most to the reduction in the overall defects index since 2000.

In 2003, the defects index for non built-up unclassified roads is

141.3 and is by far the highest of any road class, signifying the

greatest deterioration in conditions since the survey began in 1977.

The defects index of 84.3 in 2003 on non built-up principal roads is

the lowest of any road class and signifies the greatest improvement

since 1977.

Figure 4 shows that around half of the defects index for built-up

roads was a result of major deterioration to the whole carriageway,

i.e. not just in the wheel tracks. Rutting contributed to 40 per cent

of the index on non built-up principal and classified roads, i.e. non

built-up local au thority owned A, B and C roads. Major deterioration

also has a large effect on non built-up unclassified roads, as does

edge deterioration since these tend to be roads without kerbs.

In practice, rutting alone would not generally be treated on

unclassified roads and so the contribution is assumed to be zero.

Structural condition

To supplement results on visual road condition, structural surveys

are carried out to determine the proportion of the major road network

whose structural condition has reached the point at which close

monitoring is needed to see whether maintenance is required. Although

results for English motorways and all purpose trunk roads are no

longer available, Figure 5 shows that until 2001 in England,

motorways consistently had the lowest percentage needing close

monitoring and principal roads the highest. The percentage of

principal roads requiring close monitoring increased for the fourth

year in a row and stands at 17.2 per cent in 2003.

Figure 6 shows corresponding figures for Wales and as with England,

motorways have the lowest percentage needing close monitoring and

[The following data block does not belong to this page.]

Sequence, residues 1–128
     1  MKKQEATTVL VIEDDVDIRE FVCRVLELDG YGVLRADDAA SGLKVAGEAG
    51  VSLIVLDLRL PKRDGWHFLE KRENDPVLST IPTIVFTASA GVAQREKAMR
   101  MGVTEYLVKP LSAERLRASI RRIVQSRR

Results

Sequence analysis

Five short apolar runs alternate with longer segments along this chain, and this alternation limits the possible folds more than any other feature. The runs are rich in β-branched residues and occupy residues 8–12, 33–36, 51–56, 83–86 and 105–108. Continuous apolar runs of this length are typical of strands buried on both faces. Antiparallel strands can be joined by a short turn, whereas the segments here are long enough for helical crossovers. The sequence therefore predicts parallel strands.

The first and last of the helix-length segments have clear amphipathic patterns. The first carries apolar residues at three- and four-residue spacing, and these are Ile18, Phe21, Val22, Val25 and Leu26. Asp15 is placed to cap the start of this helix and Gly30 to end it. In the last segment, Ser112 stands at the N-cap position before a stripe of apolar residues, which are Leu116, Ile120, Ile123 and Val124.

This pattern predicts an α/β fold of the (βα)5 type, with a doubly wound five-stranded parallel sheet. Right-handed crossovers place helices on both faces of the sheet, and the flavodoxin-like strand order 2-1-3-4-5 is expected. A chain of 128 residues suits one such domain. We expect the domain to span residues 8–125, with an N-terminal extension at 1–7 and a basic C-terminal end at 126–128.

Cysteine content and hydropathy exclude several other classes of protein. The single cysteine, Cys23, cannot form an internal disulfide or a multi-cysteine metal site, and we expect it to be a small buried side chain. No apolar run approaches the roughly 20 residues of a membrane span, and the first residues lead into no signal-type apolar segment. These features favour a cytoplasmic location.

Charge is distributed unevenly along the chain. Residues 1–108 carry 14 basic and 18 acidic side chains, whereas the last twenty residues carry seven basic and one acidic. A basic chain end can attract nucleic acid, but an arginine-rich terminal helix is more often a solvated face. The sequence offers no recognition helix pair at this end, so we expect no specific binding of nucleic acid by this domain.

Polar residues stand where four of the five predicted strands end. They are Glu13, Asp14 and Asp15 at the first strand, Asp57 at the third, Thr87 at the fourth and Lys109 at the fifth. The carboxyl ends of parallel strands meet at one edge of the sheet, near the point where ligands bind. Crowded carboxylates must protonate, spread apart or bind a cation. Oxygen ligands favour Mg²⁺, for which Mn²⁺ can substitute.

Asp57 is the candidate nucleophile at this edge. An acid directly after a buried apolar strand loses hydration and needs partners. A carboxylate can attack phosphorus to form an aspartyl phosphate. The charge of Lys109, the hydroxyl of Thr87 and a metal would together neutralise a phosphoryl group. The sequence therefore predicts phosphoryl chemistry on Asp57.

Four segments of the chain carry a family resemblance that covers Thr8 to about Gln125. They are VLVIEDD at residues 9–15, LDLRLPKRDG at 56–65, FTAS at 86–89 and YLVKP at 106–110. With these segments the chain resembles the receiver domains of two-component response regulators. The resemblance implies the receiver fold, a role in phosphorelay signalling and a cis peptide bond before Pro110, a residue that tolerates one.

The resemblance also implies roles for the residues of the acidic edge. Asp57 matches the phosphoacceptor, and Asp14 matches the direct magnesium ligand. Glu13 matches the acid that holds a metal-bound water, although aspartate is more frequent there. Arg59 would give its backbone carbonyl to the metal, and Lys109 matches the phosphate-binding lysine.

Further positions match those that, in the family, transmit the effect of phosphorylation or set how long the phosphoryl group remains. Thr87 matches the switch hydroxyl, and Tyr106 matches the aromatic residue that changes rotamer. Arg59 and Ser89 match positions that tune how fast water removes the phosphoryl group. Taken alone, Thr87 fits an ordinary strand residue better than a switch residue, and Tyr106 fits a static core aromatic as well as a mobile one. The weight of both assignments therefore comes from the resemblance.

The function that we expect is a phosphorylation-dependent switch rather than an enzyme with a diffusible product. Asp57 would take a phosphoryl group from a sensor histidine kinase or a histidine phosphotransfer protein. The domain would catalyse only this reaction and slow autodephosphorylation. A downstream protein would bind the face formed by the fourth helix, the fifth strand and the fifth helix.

principal roads the highest. In 2003, 15.6 per cent of principal

roads needed close monitoring, an improvement of almost 2 percentage

points. The percentage needing close monitoring on motorways has

increased from 3 per cent in 1993 to 9 per cent in 2003.

The National Assembly for Wales has the target that by 2004-05 no

more than 13 per cent of the all purpose trunk roads network should

need close monitoring of its structural condition. Following an

improvement in structural condition for the first time since the

survey began in 1993, its value in 2003 was 11.2 per cent.

Skidding resistance

Road safety is improved when roads have a satisfactory level of

skidding resistance. The skidding resistance of major roads is

assessed when the road surface is wet and compared with an

investigatory level that is set for t he characteristics of the

particular length of road. Where the skidding resistance is below the

investigatory level, the road is not necessarily unsafe but it does

show that further investigationis required. This would include an

assessment of the safety record for the length of road to see if

maintenance is needed. Latest results for England are shown in Figure

7.

As with structural condition, the percentage needing further

investigation is lowest for motorways and highest for principal

roads. In particular, 34 per cent of principal roads in London and 27

per cent in metropolitan authorities needed further investigation to